Psychological diseases such as depression, anxiety, and chronic fatigue are common in patients with RA.18,19 These conditions can affect the course of RA disease and patients’ clinical function, as well as PGA.20,21 In this study, we found that patients in the subjective group had higher mean values of TJs and DAS28s; however, they had lower mean value of DAS28. Moreover, in the subjective group, there were no correlations between HAQ and TJs, PGA, CDAI, DAS28, and DAS28s, which could be due to the relatively low number of the patients in this group, but it also implies a less severe disease with better functional status. Absence of radiographic findings in 29 patients of the subjective group also supports this hypothesis. Our clinical experience showed that most of our patients in the subjective group were unresponsive to treatment intensification over time and reported more levels of pain and higher values of PGA. Therefore, we propose that reducing treatment or changing to nonsteroidal anti-inflammatory drugs in a majority of patients, after strict individual assessment, has the same effects. However, more studies are required to confirm this hypothesis.

Central sensitization is a persistent state of hyperreactivity of the nervous system. It usually presents in the forms of allodynia (experiencing pain with nonpainful triggers) or hyperalgesia (exaggerated and prolonged response to painful triggers) and contributes to different clinical syndromes, for instance, RA, osteoarthritis, fibromyalgia, and so on. Patients with RA may experience more severe amount of pain at both articular and nonarticular sites in response to different triggers.2224 Some of the patients in the subjective group may be involved in the process of changing pain sensitivity inducing central sensitization because the high number of TJs and the poor relation between disease activity and symptoms are suggestive of the existence of central sensitization in this group of patients; however, further studies in this field are required to confirm this hypothesis. We recommend that in doubtful cases the newly introduced painDETECT questionnaire should be applied to evaluate whether a pain sensitization has occurred. It is a validated questionnaire and translated to different languages. Patients answer different questions regarding pain intensity. The painDETECT score ranges from 0 to 38, in which a score of 19 or greater indicates that central sensitization has likely happened; 13 to 18, uncertain results; and a score of 12 or less shows that central sensitization has unlikely occurred.24,25 It is particularly relevant when rheumatologists is confronted with a patient with few signs of inflammation prior to treatment initiation. A recent study, evaluating nonnociceptive pain in RA, revealed that central sensitization may occur frequently in a group of patients initiating or intensifying treatment for their RA, which can result in increased disease activity scores on a noninflammatory basis.26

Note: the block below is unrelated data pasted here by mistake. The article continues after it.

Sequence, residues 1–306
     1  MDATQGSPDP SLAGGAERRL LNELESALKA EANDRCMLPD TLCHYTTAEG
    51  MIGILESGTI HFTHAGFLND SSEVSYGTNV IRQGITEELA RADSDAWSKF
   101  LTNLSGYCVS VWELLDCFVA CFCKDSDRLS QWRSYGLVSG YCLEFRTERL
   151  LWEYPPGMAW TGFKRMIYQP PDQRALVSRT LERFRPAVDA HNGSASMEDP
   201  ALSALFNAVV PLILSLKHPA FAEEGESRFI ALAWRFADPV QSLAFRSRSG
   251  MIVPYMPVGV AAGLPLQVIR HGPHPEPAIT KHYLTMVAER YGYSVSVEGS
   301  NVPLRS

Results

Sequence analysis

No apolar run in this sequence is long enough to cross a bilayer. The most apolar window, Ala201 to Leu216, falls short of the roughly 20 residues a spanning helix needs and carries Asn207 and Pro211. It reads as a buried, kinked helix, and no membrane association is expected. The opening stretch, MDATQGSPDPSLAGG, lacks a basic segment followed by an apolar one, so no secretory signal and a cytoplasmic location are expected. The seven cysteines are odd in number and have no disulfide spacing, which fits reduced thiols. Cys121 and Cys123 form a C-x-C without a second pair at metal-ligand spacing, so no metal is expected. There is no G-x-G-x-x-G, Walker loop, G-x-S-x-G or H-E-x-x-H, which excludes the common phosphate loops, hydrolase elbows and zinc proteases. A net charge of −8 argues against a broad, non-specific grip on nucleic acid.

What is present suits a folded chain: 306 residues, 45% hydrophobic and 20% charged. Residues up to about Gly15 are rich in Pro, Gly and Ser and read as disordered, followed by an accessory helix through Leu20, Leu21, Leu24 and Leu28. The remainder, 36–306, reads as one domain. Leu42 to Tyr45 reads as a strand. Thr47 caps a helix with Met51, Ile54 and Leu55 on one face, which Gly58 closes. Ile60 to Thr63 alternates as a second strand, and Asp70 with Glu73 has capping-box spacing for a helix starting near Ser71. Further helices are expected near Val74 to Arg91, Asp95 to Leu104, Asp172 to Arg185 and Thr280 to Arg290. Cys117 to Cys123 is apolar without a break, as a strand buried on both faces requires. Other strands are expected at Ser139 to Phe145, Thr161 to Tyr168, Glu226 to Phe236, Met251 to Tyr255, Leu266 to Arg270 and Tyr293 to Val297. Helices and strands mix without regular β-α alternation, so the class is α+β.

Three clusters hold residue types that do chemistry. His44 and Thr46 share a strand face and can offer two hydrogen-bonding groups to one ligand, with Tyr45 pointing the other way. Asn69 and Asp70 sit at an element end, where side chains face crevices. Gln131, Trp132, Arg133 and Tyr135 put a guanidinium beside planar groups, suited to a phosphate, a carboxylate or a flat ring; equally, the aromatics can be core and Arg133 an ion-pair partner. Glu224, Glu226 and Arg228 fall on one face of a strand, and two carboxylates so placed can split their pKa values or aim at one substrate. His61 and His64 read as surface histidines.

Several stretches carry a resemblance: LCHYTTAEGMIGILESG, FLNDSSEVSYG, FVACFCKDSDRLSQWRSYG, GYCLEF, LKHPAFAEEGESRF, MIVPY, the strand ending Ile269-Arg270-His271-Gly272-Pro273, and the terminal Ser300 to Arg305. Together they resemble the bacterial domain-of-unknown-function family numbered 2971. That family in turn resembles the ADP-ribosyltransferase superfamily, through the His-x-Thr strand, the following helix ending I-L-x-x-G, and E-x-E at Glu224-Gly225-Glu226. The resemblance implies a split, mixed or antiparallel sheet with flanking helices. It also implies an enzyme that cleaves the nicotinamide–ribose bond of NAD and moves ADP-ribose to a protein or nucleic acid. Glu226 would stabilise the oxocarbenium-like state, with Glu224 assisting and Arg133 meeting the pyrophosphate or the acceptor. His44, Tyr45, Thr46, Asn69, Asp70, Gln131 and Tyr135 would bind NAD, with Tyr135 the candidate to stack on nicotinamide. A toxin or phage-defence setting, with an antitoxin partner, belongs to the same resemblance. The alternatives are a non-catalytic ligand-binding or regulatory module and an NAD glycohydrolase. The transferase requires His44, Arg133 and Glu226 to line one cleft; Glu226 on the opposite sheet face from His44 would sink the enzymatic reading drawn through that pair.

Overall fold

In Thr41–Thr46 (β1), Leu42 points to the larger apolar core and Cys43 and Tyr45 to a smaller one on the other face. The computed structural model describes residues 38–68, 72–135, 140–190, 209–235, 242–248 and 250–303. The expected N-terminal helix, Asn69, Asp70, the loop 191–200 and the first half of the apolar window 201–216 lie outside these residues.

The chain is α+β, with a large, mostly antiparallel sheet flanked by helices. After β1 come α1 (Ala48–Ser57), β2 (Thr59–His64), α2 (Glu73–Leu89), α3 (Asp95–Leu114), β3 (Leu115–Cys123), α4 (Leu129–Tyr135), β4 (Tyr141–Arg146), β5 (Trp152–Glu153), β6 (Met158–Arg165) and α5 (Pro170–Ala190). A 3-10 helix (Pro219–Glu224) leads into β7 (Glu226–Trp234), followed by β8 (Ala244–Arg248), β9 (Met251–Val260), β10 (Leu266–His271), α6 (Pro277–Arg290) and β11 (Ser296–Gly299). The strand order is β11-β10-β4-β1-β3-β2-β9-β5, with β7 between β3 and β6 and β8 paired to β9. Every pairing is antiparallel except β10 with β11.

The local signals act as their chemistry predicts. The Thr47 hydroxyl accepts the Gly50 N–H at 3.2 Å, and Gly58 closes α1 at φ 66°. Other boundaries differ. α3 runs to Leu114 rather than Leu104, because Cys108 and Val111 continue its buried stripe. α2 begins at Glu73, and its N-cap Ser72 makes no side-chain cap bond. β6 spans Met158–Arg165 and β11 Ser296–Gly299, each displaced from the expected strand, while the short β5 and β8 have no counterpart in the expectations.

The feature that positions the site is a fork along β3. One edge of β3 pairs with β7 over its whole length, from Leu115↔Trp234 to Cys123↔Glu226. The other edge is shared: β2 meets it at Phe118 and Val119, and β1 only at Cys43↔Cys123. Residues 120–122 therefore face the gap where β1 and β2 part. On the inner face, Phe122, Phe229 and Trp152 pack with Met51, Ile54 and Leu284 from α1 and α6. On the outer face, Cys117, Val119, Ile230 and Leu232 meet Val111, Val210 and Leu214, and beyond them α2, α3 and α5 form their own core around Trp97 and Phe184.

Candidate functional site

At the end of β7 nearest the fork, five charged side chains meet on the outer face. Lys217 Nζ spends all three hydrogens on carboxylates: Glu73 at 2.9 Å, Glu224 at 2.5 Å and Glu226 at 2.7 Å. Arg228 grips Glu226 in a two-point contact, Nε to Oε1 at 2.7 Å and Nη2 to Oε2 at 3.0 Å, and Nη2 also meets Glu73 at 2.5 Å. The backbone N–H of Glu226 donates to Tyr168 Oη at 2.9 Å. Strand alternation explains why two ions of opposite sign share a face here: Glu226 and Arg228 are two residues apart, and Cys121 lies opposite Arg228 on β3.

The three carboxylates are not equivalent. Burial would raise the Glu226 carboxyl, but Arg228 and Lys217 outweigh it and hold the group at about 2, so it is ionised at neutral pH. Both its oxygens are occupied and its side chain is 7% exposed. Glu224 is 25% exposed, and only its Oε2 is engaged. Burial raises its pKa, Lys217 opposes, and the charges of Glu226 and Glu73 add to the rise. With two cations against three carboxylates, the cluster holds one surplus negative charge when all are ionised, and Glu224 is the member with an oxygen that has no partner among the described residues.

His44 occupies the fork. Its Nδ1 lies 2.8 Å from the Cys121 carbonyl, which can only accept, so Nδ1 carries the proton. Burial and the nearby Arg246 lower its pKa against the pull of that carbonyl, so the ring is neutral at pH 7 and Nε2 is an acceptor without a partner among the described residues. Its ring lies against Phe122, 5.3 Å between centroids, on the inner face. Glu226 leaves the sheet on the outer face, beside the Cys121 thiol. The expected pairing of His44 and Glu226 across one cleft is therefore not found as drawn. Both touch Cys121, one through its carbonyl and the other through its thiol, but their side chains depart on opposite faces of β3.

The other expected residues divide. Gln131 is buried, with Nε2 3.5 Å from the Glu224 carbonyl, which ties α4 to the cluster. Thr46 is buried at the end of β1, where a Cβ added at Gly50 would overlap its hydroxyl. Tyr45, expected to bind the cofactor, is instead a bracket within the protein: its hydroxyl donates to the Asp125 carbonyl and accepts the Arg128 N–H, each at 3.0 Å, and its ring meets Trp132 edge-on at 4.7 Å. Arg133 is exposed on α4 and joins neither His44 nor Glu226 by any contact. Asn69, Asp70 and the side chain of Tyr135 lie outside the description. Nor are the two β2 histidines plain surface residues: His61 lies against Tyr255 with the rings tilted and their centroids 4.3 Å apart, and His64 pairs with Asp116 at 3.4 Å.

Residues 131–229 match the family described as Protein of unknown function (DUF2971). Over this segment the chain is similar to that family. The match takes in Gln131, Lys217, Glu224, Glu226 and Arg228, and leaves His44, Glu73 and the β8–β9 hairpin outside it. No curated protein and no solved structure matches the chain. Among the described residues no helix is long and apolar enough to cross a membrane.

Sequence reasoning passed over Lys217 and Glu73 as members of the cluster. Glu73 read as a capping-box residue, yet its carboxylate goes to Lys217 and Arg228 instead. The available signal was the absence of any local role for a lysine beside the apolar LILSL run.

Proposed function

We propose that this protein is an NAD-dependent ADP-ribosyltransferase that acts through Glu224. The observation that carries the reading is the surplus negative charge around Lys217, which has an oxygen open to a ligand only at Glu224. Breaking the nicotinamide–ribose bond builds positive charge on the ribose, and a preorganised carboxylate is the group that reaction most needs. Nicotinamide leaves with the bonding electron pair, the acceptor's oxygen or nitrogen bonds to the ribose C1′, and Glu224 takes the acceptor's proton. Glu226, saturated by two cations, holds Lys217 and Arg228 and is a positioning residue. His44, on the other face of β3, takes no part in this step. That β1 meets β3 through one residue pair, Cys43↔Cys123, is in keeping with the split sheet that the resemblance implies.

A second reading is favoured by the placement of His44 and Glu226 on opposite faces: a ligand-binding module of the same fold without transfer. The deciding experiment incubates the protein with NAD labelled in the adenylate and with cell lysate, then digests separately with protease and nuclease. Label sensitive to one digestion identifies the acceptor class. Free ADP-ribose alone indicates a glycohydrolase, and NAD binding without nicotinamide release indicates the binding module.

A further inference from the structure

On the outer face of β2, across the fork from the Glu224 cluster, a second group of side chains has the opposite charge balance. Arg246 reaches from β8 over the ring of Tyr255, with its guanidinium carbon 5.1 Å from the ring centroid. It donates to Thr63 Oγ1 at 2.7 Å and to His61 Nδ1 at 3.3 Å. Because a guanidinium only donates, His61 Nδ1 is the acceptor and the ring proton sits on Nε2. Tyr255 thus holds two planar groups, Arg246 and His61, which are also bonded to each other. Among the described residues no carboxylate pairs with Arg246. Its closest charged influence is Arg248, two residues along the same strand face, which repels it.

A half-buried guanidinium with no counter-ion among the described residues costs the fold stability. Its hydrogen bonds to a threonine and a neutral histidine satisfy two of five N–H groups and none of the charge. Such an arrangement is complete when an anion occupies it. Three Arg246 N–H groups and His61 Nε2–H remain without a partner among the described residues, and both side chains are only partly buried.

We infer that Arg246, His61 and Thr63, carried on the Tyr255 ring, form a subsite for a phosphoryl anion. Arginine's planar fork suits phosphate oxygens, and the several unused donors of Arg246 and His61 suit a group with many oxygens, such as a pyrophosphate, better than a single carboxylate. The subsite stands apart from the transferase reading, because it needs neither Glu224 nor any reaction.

In addition, earlier studies frequently showed that seropositive RA with high titers of autoantibodies and high CRP values at diagnosis are associated with more destructive disease with poorer outcome.2729 In the present study, seropositivity was significantly less common in the subjective group. This indicates that patients in the subjective group had good prognosis in average, and there would not be a great need for treatment intensification; however, DAS28 was higher than 3.2.

The American College of Rheumatology/European League Against Rheumatism new criteria for RA were published in 2010.2 A recent meta-analysis by Radner et al30 revealed that the pooled sensitivity and specificity of the new criteria range from 79% to 84% and 59% to 64%, respectively. This is about a proportion of patients who received a diagnosis of RA but do not have the disease (false positivity). We think that, in the present study, there were some patients among the subjective group who had a misdiagnosis of RA (false-positive diagnosis of RA), while they suffer from another condition, for example, psychological diseases (depression, chronic fatigue pain, etc), as well as other inflammatory joint diseases in the differential diagnosis of RA. Thus, discordance between TJ count and PGA with disease severity and poor response to treatment intensification would be expected.